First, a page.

THURSDAY, April 30, 2009 — Dan Naddor

Theme: Eight Is Enough — Add the letters ate to the last word of each of eight (eight!) theme answers to create a new word, the beginning of which is spelled differently than the original word, if that makes any sense. It's complicated is what I'm saying.

Crosswordese 101: There are two three-letter sports figures you need to know and one of theme appears in today's puzzle at 30D: Slugger Mel OTT. If you don't know much (or anything) about sports, I'm sorry to tell you that the other one you need to know is hockey legend Bobby ORR. Amazingly similar, right? Well, the names are, but the guys aren't. Mel OTT was a right fielder for the New York Giants from 1926 to 1947. He batted left and threw right. He was the first National League player to hit more than 500 home runs. For crossword solving purposes, you also need to know a few more things about him: (1) he is a member of the National Baseball Hall of Fame in Cooperstown, New York; (2) he was born in Louisiana, (3) he was sometimes called "Master Melvin," and (4) during his career, the stadium the Giants played in was know as "The Polo Grounds." Bobby ORR, on the other hand, is a retired Canadian hockey player, who played virtually all of his career with the Boston Bruins. (He was on the Chicago Black Hawks' roster for the two seasons prior to his retirement, but during that time, he was injured and didn't actually play.) Here's what you need to know about him: (1) his career spanned the 1960s and 1970s; (2) the Bruins played at Boston Garden; (3) he was Sports Illustrated's Sportsman of the Year in 1970; (4) he is a multiple-time winner of three of the NHL's highest awards: the Conn Smythe, Norris, and Art Ross Trophies; and (5) he was a teammate of Phil Esposito. Unfortunately, both of these athletes wore #4, so you can't use that as a rhyme for ORR to help you remember which one he is. Sorry.

Mr. Naddor, we meet again! This is one of those puzzles where the theme didn't help me at all while I was solving, but when I figured it out afterward, I was super impressed. And it wasn't until I started typing this up that I noticed the EIGHT theme answers, which makes it even better. Very ambitious and nicely executed!

Theme answers:
  • 18A: *"Unforgettable" singer (NAT "KING" COLE). Collate.
  • 24A: *Cold War European (WEST GERMAN). Germinate.
  • 31A: *1940s-'60s Pro Football Hall of Fame quarterback (Y. A. TITTLE). Tittilate.
  • 40A: *Branch source (TREE TRUNK). Truncate.
  • 42A: *Florida city near Fort Myers (CAPE CORAL). Correlate.
  • 48A: *House speaker before Newt Gingrich (TOM FOLEY). Foliate.
  • 58A: *Covered with black dots (FLY-SPECKED). Spectate. (Is this a word?)
  • 67A: *1976 Olympic decathlon champ (BRUCE JENNER). Generate.
  • 73A: Word that homophonically forms a familiar word when attached to the end of the answer to each starred clue (ATE).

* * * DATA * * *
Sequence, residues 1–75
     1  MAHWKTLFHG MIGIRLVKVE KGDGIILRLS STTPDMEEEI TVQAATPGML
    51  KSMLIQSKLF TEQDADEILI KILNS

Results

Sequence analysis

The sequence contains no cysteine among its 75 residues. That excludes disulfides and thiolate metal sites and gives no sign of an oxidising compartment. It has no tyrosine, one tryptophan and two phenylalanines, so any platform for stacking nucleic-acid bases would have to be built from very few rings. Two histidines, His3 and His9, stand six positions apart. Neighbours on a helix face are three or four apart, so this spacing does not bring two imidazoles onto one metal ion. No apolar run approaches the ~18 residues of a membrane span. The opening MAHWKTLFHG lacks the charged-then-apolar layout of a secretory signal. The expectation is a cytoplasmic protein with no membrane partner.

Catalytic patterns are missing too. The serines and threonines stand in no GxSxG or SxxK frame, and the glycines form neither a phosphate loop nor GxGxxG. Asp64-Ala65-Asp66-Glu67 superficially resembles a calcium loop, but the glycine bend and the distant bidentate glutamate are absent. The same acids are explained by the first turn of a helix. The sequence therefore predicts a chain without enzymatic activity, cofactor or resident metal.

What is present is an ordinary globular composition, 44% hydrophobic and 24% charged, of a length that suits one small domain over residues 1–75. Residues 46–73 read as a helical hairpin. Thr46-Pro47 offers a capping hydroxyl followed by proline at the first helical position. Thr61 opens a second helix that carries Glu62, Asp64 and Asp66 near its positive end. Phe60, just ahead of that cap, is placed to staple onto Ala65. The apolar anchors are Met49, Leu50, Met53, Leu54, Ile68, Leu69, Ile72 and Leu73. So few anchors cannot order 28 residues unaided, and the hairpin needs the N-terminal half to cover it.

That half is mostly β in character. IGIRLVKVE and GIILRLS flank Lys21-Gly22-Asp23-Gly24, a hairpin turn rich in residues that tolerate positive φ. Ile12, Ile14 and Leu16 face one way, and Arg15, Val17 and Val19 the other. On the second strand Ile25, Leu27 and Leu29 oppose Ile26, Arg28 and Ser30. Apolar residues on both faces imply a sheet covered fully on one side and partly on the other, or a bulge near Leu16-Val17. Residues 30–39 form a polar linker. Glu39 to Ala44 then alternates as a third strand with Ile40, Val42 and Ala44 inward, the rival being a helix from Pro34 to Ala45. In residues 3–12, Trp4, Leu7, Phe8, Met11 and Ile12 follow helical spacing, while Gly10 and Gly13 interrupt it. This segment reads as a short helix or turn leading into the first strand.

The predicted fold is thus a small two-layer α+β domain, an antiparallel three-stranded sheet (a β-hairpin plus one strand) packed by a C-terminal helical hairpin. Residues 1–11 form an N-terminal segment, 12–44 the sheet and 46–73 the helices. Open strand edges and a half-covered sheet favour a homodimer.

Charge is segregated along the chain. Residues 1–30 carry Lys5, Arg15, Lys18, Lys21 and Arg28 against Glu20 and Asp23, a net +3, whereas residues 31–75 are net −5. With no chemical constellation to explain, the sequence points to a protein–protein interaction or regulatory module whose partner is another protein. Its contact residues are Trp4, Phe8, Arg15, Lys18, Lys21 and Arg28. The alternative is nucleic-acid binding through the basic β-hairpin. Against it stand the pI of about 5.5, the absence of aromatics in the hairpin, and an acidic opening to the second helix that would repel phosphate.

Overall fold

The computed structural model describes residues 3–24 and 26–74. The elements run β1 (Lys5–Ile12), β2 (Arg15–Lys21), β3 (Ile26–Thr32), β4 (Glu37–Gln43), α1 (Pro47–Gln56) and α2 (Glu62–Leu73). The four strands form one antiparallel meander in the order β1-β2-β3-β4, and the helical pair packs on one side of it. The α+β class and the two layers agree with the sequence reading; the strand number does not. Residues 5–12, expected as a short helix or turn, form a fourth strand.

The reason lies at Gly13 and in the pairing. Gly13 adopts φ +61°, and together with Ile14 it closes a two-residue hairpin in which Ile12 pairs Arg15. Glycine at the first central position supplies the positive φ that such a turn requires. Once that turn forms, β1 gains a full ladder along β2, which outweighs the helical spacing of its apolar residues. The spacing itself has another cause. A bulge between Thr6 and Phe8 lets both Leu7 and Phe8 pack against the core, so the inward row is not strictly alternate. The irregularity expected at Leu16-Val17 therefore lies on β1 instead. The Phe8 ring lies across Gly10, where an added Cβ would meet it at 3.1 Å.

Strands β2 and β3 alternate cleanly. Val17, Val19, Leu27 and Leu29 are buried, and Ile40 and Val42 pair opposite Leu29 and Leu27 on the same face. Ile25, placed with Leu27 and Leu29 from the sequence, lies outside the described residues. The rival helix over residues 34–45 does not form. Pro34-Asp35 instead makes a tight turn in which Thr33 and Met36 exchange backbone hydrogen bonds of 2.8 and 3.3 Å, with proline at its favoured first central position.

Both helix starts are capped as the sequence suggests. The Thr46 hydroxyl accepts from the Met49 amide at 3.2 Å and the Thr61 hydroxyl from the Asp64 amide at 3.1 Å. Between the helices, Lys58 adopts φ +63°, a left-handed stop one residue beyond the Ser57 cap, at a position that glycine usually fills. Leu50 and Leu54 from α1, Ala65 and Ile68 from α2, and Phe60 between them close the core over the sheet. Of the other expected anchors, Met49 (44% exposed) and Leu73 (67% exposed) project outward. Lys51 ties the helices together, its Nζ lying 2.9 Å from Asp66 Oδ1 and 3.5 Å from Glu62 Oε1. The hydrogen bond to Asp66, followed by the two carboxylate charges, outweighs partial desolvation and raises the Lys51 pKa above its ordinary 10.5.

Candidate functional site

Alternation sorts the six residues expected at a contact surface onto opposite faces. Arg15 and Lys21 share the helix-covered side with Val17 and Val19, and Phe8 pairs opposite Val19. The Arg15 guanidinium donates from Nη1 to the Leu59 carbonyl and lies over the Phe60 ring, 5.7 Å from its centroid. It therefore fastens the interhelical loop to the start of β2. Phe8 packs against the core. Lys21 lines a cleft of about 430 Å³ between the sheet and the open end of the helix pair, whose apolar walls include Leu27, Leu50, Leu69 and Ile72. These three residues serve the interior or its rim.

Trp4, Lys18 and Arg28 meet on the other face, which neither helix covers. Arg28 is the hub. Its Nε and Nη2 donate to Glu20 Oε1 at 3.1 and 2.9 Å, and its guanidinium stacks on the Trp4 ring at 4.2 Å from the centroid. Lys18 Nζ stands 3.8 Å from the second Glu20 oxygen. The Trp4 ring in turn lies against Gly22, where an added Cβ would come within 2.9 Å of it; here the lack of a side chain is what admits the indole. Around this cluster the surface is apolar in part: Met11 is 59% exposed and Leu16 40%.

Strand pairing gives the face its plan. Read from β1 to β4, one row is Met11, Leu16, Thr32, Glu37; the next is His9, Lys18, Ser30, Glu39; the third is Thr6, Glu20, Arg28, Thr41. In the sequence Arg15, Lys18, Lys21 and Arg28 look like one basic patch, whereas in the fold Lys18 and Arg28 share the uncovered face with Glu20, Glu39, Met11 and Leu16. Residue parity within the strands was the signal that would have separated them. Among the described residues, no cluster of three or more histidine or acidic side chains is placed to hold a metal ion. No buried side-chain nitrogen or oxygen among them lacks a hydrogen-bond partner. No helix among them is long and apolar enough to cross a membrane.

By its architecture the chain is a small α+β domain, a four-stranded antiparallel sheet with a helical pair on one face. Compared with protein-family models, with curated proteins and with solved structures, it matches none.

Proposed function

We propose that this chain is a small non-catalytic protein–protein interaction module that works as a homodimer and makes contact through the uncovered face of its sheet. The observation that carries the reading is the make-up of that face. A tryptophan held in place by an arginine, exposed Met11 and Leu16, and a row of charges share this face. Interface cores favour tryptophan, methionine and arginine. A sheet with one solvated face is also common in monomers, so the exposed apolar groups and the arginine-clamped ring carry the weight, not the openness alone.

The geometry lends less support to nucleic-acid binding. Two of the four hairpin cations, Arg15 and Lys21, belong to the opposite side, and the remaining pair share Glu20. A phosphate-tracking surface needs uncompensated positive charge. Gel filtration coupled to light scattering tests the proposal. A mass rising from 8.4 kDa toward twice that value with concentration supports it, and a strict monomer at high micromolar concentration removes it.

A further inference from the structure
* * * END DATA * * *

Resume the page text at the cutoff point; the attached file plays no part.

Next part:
I'm pretty sure I spelled all of those words right. If not, no doubt someone will let me know in the comments.

Stuff that threw me off:
  • 14A: Rock band with a fishy name (EELS). Never heard of them, but I heard from a very reliable source that one of their songs is featured in "Wordplay":

  • 63A: Bridge call (I PASS). For 55D, [1970 Poitier title role], I originally had Tubbs instead of TIBBS — which is pretty hilarious now that I think about it —but it really messed me up on the bridge thing. Try parsing upass and let me know how that works for you.
  • 75A: "Shoot!" (ASK). Wanted drat or dang or something along those lines.
  • 4D: Deadpan Stein (BEN). I know this guy. Loved his game show. Don't agree with his politics, but think, in general, he's hilarious. Could. Not. Remember. His. Name. Man, it sucks getting old.
  • 5D: Assayer's substance (REAGENT). Is this something science-y? Because I don't know any science-y stuff.
  • 11D: Enter again (RELOG). Wanted re-key.
  • 69D: Seoul soldier (ROK). ROK stands for Republic of Korea. Does anyone know (or care) why it's also a word for a soldier?
Most colorful answers:
  • 1D: "Batman" blow (KAPOW).
  • 9D: Snake oil salesman (HUCKSTER).
  • 36D: Dash (RUN LIKE MAD).
  • 20A: Fit for drafting (ONE-A). For the Selective Service System, Class 1-A means "Available for unrestricted military service."
  • 39A: G.I. food in a plastic pouch (MRE). Covered in a previous Crosswordese 101 lesson.
  • 55A: Vegan's purchase (TOFU). As far as crossword puzzles are concerned, the only thing vegans eat is tofu.
  • 70A: Soft shoe, briefly (MOC). Short for moccasin.
  • 72A: Houston pro, to fans ('STRO). Can someone please confirm that this abomination is actually used by fans of the team. To me it sounds like when people say 'za for pizza. It's just ... not right.
  • 6D: Union station? (ALTAR). A place where a union (i.e., wedding) takes place.
  • 15D: 1% alternative (SKIM). Milk!